At some precincts in Jacksonville, the rustling leaves made more noise than the electorate on election day, as about 3-in-4 registered voters chose not to participate in the March 2023 city elections.
Amanda Roesler was one of the 168,197 who did, representing just 25.6% of registered voters.
She pedaled up to her Arlington precinct, committed to be more active and engaged.
“After the last couple elections, I’ve really wanted to prioritize the local elections,” Roesler says. “It’s where we see the most effect of our voting. So, I really thought that it’s best that I show out today.”
Roesler’s precinct had the lowest early voting turnout in Duval County: 4.63%. By the end of Tuesday, just 9.9% of voters in the precinct cast ballots.
A poll worker told Jacksonville Today that some voters were unsure whether they were at the correct precinct or they were supposed to be at Precinct 405, which was about 1,000 feet away, across Atlantic Boulevard.
That precinct had a 17.5% turnout.
Duval County Supervisor of Elections Mike Hogan said early on Tuesday he expected turnout to hit between 30 and 35%. That didn’t happen.
“As I study this thing, as it’s as it’s been morphing through the day, I think what I’m really seeing is that there are a lot of new candidates on this ballot,” Hogan said. “And the voters don’t know them, and I think they have been slow to figure out who they are. And that’s my guess.”
DeAngelo Smith had not voted before, but did so on Tuesday because his mother was supporting City Council candidate Tameka Gaines Holly and encouraged him to get engaged. Smith, who turned 21 on Monday, says he decided who he supported on Tuesday.
“I never did anything like this. It’s kind of new,” Smith said. “It’s fun. I’m nervous.”
Jacksonville Today visited five polling locations throughout the city checking the temperature of the electorate. While some knew the candidates well, it was a commitment to civic duty and playing a small part in American democracy that drew most people to the polls on Tuesday.
Carter Jones voted early. He wore a backward hat supporting Council Member Randy White while holding a sign supporting Council Member Ron Salem. Jones, 22, says turnout among Gen Z is paramount because municipal elections are often decided by voters over 60.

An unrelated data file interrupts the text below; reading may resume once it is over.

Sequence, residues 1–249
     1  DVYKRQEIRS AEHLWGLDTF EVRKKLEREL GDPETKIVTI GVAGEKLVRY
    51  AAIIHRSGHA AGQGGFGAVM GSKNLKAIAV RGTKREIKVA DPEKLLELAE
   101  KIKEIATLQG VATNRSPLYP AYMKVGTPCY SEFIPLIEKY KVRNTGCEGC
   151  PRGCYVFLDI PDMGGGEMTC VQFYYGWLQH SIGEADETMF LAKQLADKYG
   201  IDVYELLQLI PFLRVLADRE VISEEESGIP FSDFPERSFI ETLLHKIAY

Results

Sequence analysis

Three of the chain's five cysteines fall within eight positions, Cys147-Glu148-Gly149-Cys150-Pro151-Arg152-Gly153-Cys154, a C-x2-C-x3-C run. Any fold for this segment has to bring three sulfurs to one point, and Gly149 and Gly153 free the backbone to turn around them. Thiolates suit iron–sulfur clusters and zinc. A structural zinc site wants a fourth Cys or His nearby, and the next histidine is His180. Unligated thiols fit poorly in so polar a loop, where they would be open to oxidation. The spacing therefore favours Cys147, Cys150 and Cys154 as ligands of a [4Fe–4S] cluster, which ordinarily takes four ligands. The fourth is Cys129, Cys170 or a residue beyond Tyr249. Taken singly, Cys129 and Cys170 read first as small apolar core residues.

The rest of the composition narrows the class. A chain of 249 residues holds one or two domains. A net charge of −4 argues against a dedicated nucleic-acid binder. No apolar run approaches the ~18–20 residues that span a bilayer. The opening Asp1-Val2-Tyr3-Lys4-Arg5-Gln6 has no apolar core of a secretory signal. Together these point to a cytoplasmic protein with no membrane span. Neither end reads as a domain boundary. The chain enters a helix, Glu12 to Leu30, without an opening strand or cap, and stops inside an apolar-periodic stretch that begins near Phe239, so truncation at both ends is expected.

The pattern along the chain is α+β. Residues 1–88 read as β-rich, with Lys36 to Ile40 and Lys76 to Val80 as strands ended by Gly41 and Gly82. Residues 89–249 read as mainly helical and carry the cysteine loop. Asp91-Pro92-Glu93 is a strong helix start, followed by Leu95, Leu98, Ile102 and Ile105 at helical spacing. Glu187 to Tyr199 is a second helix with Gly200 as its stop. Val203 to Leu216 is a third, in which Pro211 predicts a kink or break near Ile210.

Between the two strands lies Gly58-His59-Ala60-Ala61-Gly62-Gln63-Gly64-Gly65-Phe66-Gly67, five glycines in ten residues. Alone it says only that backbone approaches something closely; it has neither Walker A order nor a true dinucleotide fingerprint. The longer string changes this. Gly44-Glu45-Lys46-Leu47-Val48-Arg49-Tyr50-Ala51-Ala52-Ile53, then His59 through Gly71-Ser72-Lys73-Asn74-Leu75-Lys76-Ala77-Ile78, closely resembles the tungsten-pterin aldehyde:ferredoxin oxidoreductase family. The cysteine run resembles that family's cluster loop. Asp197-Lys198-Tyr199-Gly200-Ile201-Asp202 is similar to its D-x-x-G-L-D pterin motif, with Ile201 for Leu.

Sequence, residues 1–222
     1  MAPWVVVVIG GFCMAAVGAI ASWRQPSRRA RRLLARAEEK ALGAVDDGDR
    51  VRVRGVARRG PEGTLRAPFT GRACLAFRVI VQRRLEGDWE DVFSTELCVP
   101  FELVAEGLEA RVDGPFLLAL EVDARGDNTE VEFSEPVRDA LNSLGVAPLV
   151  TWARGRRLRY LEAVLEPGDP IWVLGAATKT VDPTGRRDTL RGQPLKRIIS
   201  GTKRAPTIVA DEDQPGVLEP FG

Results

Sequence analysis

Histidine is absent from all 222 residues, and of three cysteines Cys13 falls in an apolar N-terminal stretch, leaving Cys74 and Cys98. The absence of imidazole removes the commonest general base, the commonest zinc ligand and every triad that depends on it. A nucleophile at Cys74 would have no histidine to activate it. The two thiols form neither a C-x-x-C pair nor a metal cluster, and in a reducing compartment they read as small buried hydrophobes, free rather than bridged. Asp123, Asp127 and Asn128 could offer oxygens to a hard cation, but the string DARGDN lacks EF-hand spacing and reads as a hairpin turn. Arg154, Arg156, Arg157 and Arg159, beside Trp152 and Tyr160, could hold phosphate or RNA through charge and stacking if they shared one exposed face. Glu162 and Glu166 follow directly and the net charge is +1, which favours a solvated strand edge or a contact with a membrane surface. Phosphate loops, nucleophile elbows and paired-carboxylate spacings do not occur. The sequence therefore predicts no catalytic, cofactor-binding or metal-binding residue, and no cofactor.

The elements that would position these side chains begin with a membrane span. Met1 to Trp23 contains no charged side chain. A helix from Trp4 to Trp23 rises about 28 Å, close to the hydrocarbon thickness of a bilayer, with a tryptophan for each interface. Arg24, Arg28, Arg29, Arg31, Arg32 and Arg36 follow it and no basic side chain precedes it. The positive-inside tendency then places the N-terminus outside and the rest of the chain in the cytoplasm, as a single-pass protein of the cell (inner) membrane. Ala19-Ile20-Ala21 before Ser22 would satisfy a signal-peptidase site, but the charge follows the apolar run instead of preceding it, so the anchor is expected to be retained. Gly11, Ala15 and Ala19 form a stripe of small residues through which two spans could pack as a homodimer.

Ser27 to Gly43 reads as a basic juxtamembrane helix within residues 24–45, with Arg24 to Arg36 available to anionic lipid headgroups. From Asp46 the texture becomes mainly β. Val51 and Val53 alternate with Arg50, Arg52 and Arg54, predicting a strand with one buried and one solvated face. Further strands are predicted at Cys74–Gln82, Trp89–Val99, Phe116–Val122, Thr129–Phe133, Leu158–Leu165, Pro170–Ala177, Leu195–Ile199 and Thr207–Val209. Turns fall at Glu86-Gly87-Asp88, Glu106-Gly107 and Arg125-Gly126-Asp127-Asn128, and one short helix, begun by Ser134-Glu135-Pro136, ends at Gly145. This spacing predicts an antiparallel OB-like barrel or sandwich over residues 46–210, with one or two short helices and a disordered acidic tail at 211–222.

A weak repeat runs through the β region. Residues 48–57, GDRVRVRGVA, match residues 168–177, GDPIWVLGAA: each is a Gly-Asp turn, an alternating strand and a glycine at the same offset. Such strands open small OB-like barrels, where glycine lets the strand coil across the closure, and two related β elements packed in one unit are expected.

Donald Davis, who is not related to Republican mayoral candidate Daniel Davis, says he is a consistent voter.
“You don’t have a voice if you don’t go out and vote,” says Davis who voted at an Oceanway precinct that had the lowest turnout in the city in November. “You can’t say it’s not your fault.”
Redistricting meant Tuesday was Kelly Medders’ first time voting at Pecan Park Baptist Church.
“To be honest, I think it’s a little disturbing and a little disappointing that the turnout would be this low in this precinct,” says Medders, who has lived in Jacksonville since 2005. “My wife and I have recently moved into the area, but I will be a face that (people) will see here consistently.”
Medders, like Roesler, says he looked up candidates’ voting records and their positions when determining who earned his vote. In a mayoral election where more than $7 million was spent, Medders says he was turned off by the all the negative advertisements.
“I went and looked up their voting records,” Medders says. “I came in with a sample ballot that I had already investigated, marked and I knew who I was gonna vote for when I got here.”
Kyber Peluso can’t vote. But, if he could, his uncle would have undoubtedly received his support. Jimmy Peluso advanced to May’s runoff for City Council District 7. The older Peluso will face Republican Joseph Hogan, son of Election Supervisor Mike Hogan, in the May runoff.
Kyber was one of nearly a half dozen members of his family holding signs and waving to voters at Grace Church of Avondale. He is a high school student in South Florida who says supporting his uncle in democratic process has been a real-life complement to his history and civics classes.
“I want to encourage everybody that I know to go out and vote when they can, because that’s so important. Turnout, turnout, turnout for all parties. It’s a citizen’s duty to vote. And that is very important,” Kyber says. “…It’s important to research who’s on your ballot and be an informed voter. You want to be an informed voter.”